In the collection presentation “Splendid White”, including works of art that remained in the private collection of the collector and patron Reiner Winkler until his death, the beauty, virtuosity, and richness of variation of baroque ivory carving can be experienced in an impressive way.
The exhibition “Splendid White” was on view from 2 June 2022 to 8 January 2023 and can now be seen as a permanent collection presentation at the Liebieghaus.
A few years ago, the Liebieghaus Skulpturensammlung succeeded in making the most significant addition to its own holdings in the history of the museum: a collection of precious ivory sculptures of the Baroque and Rococo periods from the estate of the patron Reiner Winkler (1925–2020).
Since then, masterpieces by world-famous sculptors, such as “Fury on a Charging Horse” (1610), “The Three Parcae” (ca. 1670), “Chronos on the Globe” (ca. 1720/25?), and the “Allegory of Damnation in Hell (Anima Dannata?)” (1736) have been on display at the Liebieghaus in the exhibition “White Wedding”.
As of 2 June 2022, with the exhibition and new collection presentation “Splendid White”, the artworks that remained in Reiner Winkler's private collection until his death are now also accessible to Liebieghaus visitors. In the immediate vicinity of the first presentation, 21 selected works from a total of 31 statuettes, figure groups, and reliefs made of ivory, clay, and wood, which were brought to the Liebieghaus, cleaned, and photographed in the summer of 2020 are now on display.
Learn more in the exhibition publication. Available at the museum and in our online shop.
Portrait medallions and portraits of married couples, of noble personalities, private individuals, and dignitaries complete the collection presentation with outstanding works, including the “Portrait of Pope Clement XI” (ca. 1710), of which there are at least three versions. In addition to the portrait in the Liebieghaus, two others have survived in the Green Vault in Dresden and the V&A in London. As gifts of conversion from the popes, they were handed over to princely converts. It can be assumed that the Frankfurt medallion and likewise other versions were made and gifted for comparable, as yet unknown, specific occasions.
Large-format reliefs with Christian religious motifs and genre scenes, as well as impressive combination figures such as the “Beggar-Woman with Tamburin de Béarn and Child” (1730s), add essential exhibits to the previous collection presentation at the Liebieghaus.
The Annunciation (left) and The Visitation of Mary (right), Jean-Antoine Belleteste (1731–1811), Dieppe, ca. 1770–1780
The Annunciation, Jean-Antoine Belleteste (1731‒1811), Dieppe, ca. 1770‒1780, Liebieghaus Skulpturensammlung - Reiner Winkler Collection, Frankfurt am Main, Photo: Liebieghaus Skulpturensammlung
The Visitation of Mary, Jean-Antoine Belleteste (1731‒1811), Dieppe, ca. 1770‒1780, Liebieghaus Skulpturensammlung - Reiner Winkler Collection, Frankfurt am Main, Photo: Liebieghaus Skulpturensammlung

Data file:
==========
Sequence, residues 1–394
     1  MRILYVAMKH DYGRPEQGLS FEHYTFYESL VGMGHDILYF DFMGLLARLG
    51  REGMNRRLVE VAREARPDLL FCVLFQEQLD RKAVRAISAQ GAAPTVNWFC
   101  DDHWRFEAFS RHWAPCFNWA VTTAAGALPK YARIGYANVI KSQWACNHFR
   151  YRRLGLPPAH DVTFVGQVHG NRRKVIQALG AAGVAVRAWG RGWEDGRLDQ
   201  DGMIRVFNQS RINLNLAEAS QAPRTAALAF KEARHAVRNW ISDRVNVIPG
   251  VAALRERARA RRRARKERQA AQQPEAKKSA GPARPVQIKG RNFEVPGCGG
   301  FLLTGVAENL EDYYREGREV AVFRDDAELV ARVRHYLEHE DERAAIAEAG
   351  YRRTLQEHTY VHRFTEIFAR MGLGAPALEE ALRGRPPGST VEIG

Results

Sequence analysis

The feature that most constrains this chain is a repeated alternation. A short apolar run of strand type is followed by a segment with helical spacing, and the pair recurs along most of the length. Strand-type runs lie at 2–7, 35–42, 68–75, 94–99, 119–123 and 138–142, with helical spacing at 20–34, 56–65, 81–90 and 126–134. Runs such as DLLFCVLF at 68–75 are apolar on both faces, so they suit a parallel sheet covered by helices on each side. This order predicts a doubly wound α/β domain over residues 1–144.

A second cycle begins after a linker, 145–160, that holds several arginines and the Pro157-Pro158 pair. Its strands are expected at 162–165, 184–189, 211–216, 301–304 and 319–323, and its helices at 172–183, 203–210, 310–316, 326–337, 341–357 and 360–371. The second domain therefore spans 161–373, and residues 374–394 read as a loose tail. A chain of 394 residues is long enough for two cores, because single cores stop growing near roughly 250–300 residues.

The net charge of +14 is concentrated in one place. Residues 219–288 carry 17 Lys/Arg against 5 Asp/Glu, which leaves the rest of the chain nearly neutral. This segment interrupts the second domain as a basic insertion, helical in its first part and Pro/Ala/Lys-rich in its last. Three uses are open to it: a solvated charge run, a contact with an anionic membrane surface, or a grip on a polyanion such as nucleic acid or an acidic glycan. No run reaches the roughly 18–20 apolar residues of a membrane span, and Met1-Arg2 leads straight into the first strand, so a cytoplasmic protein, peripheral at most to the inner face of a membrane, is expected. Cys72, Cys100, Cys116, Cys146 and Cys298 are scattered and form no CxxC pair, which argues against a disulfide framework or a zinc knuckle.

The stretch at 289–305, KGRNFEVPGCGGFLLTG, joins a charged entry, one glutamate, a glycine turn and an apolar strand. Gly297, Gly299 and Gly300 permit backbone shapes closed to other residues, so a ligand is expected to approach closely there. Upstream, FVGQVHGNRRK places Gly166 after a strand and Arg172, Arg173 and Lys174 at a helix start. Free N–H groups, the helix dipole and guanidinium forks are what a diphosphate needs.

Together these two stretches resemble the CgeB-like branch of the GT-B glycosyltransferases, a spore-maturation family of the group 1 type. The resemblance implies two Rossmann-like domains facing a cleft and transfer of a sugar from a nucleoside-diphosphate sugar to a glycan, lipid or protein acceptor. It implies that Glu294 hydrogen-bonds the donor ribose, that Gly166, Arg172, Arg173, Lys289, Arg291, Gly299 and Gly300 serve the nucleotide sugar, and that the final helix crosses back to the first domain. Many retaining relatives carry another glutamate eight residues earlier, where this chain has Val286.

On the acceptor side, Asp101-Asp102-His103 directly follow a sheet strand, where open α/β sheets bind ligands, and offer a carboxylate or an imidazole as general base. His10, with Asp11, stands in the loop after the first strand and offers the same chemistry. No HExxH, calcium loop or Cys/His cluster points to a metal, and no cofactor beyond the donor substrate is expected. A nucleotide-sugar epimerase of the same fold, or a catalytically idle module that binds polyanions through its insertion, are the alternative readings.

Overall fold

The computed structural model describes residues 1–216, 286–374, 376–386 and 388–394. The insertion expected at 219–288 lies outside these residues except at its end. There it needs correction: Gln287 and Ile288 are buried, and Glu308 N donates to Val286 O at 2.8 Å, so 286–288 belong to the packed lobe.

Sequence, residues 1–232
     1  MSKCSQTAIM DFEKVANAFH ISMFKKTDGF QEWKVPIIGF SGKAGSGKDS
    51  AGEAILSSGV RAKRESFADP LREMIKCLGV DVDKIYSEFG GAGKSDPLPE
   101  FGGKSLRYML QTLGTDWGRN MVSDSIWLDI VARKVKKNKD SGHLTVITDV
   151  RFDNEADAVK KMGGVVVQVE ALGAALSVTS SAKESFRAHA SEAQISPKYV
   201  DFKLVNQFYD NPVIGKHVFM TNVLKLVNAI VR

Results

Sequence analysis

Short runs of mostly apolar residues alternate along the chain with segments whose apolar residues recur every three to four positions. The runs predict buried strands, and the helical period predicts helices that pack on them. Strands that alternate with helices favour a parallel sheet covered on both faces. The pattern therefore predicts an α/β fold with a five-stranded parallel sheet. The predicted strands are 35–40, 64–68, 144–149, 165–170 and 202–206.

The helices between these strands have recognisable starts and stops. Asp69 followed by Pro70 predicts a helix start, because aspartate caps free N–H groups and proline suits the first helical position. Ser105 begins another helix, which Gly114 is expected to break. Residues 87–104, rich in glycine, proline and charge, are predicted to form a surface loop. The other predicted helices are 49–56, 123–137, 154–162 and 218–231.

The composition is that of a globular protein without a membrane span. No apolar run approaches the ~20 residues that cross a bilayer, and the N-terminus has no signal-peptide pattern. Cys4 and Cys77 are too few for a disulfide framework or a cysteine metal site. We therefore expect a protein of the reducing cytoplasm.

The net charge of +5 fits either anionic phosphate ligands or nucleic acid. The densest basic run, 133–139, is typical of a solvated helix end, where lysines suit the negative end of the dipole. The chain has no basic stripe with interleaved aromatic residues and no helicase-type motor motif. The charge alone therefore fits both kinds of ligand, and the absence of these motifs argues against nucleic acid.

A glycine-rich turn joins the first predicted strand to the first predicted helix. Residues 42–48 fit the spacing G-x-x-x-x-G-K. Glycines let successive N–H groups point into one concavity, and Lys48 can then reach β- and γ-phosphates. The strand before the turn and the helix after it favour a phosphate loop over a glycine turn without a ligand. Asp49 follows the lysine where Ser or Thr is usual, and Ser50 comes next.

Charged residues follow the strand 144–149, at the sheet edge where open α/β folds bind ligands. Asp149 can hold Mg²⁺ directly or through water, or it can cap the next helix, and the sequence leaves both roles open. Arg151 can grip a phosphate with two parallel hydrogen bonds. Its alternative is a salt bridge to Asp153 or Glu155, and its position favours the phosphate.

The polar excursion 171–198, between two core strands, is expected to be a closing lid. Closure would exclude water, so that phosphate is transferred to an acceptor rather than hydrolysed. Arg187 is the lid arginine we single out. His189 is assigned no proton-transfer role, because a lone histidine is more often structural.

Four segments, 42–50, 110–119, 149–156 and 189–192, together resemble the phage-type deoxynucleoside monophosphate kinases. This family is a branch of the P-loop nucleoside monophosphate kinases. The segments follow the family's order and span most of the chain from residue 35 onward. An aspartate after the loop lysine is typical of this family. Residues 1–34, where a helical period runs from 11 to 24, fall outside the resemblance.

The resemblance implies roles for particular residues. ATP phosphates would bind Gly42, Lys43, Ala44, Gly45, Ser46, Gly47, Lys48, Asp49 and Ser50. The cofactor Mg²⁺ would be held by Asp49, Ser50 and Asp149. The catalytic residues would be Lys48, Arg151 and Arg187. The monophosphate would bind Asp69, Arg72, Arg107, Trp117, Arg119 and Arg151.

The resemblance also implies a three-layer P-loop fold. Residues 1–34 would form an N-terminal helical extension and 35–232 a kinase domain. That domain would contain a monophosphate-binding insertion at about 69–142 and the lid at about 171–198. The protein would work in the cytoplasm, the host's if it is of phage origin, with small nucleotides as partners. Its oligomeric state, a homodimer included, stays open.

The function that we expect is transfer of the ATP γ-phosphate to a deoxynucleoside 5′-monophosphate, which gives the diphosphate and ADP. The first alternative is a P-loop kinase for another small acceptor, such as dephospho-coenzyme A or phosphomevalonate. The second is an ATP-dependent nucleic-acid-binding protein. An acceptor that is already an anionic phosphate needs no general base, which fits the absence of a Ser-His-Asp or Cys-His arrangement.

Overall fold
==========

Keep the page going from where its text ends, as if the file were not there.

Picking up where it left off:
Among the most beautiful and largest reliefs are the works “The Annunciation” and “The Visitation of Mary” (both ca. 1770–1780), which hung for a long time in a prominent position in Reiner Winkler’s home. The model for the Annunciation relief is known to be a copperplate engraving by Laurent Cars after a painting by François Lemoyne. In both reliefs, the sensitively drawn facial features, the elongated bodies with delicate limbs, and finely designed hair are striking. Carefully and softly pleated, beautifully lined robes shroud the figures. These characteristic features suggest an attribution of the two panels to the ivory carver Jean-Antoine Belleteste (1731–1811) from Dieppe.
Until the Reiner Winkler Collection was transferred to the Liebieghaus, the museum did not own any examples of the famous so-called combination figures made of ivory and wood. Since 2019, this genre has been presented in “White Wedding” with artworks by Simon Troger, Matthias Kolb, and unknown artists. With the combination figure “Beggar-Woman with Tamburin de Béarn and Child” (1730s) by Simon Troger and workshop, the series has been impressively expanded.
Beggar-Woman with Tamburin de Béarn and Child, Simon Troger (1693–1768) and workshop, Munich-Haidhausen 1730s
Beggar-Woman with Tamburin de Béarn and Child, Simon Troger (1693–1768) and workshop, Munich-Haidhausen 1730s, Liebieghaus Skulpturensammlung ‒ Sammlung Reiner Winkler, Frankfurt am Main, Photo: Liebieghaus Skulpturensammlung
Troger specialised in the production of combination figures made of wood, ivory, and glass. In particular, the only scantily clad beggar figures and antique god figures in ideal nudity offered themselves as themes, with precious ivory being used for the unclothed parts of the body. Fabric remnants and garments were reproduced with precious woods.
As the works described exemplify, the consolidation of the Reiner Winkler Collection not only means a valuable expansion of the museum’s holdings: The collection presentation “Splendid White” now makes the beauty, virtuosity, and richness of variation of baroque ivory carving impressively tangible in its entirety.